#statistics #median

dev times

Timing Benchmark, Repeated Runs, with Statistics

10 releases (3 stable)

Uses new Rust 2021

1.0.2 Aug 7, 2022
1.0.1 Aug 5, 2022
0.1.6 Jul 16, 2022

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Times: Benchmark for Timing and Comparing Algorithms in Rust

GitHub last commit crates.io crates.io docs.rs

Usage

use times::*;

Introduction

This crate will be typically added in Cargo.toml under [dev-dependecies] and then used by source files under tests or benches directories. To be used whenever the runtime speed comparisons are of interest, which is practically always.

Is suitable for testing algorithms that work on a whole Vec of data, for example sort. The correctness of the results should be tested separately. Here the results are thrown away and only the execution time is measured.

Random data are automatically generated using ran crate and then algorithms from a given array of closures are repeatedly run and their statistics are collected (median of the execution times and its standard error). The repeated runs reduce the temporary effects of changing machine load and changing data. The effects of outliers are minimised by using medians and MAD (median of absolute differences, i.e. the most stable measure of data dispersion). All the algorithms are run over the same data but the data is changed for each repeat run.

Standard error (ste) estimates the doubt about the accuracy of any (repeated) measurements. Thus high ste means poor accuracy. Accuracy can often be increased by increasing the number of repeats. The extraneous influence of the machine load is also reduced as the length of the data vectors increases. We redefine ste here for extra stability as MAD as a percentage of the median.

We generate new random data for each repeated run. The differences in ste between algorithms inform us about their relative stability under changing data. Some algorithms suffer from data sensitivity (poor worst-case performance) and this may be indicated by relatively high ste, e.g. mutsort.

The tests are also automatically repeated over different lengths of the input data vectors, in steps of their orders of magnitude: 10,100,1000,10000, etc. This enables comparisons of algorithms as the difficulty of the problem increases. The algorithms with lower computational complexity and/or faster implementations will start to win more convincingly at greater magnitudes. A word of warning: it is not recommended to set the magnitudes range to more than 5, as it may take a very long time to run. Then the process may have to be externally terminated. Depending, of course, on the algorithms and the speed of the machine.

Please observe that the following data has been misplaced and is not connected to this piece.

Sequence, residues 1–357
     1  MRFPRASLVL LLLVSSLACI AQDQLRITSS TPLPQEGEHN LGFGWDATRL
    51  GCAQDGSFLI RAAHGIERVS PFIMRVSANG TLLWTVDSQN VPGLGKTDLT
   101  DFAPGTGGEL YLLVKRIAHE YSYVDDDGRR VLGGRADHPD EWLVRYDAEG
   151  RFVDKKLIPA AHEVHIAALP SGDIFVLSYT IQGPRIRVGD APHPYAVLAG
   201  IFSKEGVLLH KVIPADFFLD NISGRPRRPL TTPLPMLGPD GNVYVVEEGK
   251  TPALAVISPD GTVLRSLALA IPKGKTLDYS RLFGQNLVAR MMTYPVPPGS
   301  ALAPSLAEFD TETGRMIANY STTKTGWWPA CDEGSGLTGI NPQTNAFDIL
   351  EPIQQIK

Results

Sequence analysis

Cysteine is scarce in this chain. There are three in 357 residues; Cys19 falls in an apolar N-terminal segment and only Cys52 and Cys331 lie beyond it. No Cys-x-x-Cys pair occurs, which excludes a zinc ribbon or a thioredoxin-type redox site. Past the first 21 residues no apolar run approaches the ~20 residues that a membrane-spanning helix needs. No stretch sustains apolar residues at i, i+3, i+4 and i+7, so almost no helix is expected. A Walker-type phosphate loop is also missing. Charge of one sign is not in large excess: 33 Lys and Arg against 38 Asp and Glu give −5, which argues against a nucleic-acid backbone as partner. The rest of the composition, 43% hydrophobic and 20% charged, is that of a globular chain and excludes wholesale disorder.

Main Features

  • Redefined, more stable standard error.

  • Ease of Use - just specify:

    • the type of the random test data,
    • the range of magnitudes of data vectors lengths,
    • the number of repeats with different data,
    • some labels/names to identify the algorithms by
    • the closures invoking the algorithms (in the same order as their labels).
  • Sorted output.

    The algorithms are automatically sorted by their execution times within each magnitude of data category, i.e. the fastest algorithm in each data category will be listed first and the slowest last.

Provided Testing Functions

  • Simple function bench for timing closures that take no or constant arguments (see tests/tests.rs).

  • Functions for testing algorithms on input vectors of three different end-types of data: benchu8, benchu64, benchf64.

  • Mutable versions for testing mutable algorithms: mutbenchu8, mutbenchu64, mutbenchf64. A mutable version has to be used whenever one of the tested algorithms mutates its input.

  • Versions for algorithms working on nd data (matrices): benchvvu8, benchvvu64 and benchvvf64.

Other end-types may be included later.

Conclusion

Please see tests/test.rs for examples of how to specify the closures and call these functions on them.

Appendix - Recent Releases

Version 1.0.2 Added simple bench for timing closures that take no or constant arguments.

Version 1.0.1 Redefined standard error as MAD as a percentage of Median (more stable measure). All listed times are now medians rather than means. Also, as there are now no sums of squares of nanoseconds, the danger of overflow on very slow tests is reduced.

Version 1.0.0 Promoted to v 1.0.0 following period of non problematic use.

Dependencies

~150KB